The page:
A stroke (cerebrovascular accident) is a serious yet common affliction. If a stroke is caught quickly, the individual has a much higher chance of life. However, if a stroke is not caught swiftly it can lead to death. Strokes are the third most common type of death in the United States and the highest cause of disability. A stroke occurs when the brain is deprived of blood due to a blocked blood artery. After a few short minutes with no blood, the brain is affected permanently. A stroke is often referred to as a brain attack because it has many similarities to a heart attack.
There are two primary types of strokes. The first is when too little blood is present to supply the brain with oxygen (ischemic stroke). This is the most common type of stroke and occurs when an individual suffers from a blood clot or another particle blocks the artery. The blockage of the artery causes a reduced blood flow to the brain killing brain cells and thus a stroke. The second type of stroke is when too much blood is present in the skull (hemorrhagic stroke). This is caused most often by a ruptured or leaking blood vessel. A weakened blood vessel often occurs from high blood pressure or weakened spots in the vessel walls. Once these arteries burst, blood flows rapidly into the skull putting pressure on the brain.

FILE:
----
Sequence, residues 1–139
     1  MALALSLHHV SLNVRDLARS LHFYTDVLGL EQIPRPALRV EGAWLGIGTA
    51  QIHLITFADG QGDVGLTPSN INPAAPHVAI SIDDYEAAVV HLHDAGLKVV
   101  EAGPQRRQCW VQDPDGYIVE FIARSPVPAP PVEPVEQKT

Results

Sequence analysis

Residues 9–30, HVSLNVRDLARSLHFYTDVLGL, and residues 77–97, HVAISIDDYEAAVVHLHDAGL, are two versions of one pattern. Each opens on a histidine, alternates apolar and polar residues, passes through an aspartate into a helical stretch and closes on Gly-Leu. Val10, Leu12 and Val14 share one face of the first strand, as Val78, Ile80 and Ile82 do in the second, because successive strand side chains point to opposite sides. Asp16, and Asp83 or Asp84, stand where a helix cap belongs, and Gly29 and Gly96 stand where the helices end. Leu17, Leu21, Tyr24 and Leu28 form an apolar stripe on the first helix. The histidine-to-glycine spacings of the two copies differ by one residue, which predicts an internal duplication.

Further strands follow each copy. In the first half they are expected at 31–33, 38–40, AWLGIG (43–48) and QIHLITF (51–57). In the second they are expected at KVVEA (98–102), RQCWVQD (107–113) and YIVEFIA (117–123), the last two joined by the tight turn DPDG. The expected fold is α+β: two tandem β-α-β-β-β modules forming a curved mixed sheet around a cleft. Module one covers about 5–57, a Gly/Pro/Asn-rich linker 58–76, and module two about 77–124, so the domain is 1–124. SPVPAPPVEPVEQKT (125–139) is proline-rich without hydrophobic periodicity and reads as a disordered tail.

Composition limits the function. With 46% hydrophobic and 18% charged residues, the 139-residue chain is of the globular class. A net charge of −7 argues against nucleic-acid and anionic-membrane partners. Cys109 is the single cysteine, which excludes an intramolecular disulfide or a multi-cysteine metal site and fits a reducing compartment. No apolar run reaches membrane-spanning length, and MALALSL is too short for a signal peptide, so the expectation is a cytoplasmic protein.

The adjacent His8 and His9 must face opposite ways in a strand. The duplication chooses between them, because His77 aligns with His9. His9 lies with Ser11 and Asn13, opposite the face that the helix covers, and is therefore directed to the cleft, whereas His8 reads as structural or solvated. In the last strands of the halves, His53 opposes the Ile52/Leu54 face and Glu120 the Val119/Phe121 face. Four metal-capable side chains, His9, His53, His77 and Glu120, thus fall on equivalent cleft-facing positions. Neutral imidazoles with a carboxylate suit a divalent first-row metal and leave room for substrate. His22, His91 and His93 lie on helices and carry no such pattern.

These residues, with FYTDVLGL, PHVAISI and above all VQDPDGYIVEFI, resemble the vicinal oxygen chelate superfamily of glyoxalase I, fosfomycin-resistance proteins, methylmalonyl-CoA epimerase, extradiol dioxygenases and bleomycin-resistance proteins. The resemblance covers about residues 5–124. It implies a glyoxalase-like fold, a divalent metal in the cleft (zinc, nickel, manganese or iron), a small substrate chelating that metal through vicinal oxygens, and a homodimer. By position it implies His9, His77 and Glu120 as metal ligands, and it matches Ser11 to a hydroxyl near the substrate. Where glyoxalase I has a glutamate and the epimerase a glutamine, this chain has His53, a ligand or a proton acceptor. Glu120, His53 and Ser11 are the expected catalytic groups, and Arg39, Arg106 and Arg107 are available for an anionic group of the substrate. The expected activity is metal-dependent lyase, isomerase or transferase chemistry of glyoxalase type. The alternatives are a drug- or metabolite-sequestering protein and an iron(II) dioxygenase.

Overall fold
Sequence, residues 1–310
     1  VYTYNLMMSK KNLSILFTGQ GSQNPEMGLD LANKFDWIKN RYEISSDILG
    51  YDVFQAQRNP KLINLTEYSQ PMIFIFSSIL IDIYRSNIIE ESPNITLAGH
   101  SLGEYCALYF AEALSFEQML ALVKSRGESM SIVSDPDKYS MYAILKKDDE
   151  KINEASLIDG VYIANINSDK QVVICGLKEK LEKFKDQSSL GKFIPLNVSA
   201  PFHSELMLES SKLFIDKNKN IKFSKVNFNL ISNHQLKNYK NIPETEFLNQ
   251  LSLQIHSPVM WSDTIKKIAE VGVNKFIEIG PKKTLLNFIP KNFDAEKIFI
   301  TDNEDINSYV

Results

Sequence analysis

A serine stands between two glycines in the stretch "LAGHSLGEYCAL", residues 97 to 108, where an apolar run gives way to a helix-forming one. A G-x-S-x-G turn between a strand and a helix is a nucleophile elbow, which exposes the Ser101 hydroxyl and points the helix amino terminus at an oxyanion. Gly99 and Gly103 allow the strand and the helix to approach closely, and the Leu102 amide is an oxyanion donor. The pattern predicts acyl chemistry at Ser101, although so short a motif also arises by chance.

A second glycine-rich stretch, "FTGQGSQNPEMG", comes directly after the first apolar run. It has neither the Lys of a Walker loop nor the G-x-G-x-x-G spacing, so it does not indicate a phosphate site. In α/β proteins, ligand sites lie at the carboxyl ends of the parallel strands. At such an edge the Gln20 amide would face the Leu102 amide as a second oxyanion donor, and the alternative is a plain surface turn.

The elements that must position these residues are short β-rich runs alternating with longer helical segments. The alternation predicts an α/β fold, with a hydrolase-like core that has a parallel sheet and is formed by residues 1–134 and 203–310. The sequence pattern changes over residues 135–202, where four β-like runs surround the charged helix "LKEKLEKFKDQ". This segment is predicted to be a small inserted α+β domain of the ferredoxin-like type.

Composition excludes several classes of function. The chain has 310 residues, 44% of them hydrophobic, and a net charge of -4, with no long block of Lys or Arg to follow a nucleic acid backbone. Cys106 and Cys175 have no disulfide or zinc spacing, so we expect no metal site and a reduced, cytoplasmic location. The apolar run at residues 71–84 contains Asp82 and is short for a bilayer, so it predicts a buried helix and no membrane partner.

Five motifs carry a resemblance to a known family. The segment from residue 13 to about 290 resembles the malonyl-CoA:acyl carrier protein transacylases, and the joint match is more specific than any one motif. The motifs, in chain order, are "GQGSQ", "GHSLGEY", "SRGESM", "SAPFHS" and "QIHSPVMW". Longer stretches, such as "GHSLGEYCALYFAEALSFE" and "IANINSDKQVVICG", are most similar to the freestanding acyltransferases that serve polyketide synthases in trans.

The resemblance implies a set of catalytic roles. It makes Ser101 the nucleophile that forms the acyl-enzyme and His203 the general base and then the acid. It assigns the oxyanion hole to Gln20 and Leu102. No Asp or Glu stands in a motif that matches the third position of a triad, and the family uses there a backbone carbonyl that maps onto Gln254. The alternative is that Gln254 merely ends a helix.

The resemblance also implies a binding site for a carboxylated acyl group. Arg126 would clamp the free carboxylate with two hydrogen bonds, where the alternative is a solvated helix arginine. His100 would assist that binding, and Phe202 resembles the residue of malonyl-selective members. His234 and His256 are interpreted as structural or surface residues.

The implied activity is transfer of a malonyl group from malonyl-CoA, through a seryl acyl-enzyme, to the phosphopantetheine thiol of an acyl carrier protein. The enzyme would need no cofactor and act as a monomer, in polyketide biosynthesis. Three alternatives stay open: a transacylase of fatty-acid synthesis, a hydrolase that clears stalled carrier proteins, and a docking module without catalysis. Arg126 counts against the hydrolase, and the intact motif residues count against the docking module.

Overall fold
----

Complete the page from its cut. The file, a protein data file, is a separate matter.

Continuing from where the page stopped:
Recognizing the signs of a stroke is imperative to the person suffering. If medical treatment is sought quickly, the affected person is more likely to survive. Symptoms arise quickly and are severe. Symptoms often include:
- Soreness, numbness, or paralysis often on one side of a person’s body
- Sudden change in the ability to speak
- Sudden dizziness
- Sudden and severe headache
- Sudden change in vision
- Nausea, vomiting, stiff neck, or facial pain
- Sudden changes in memory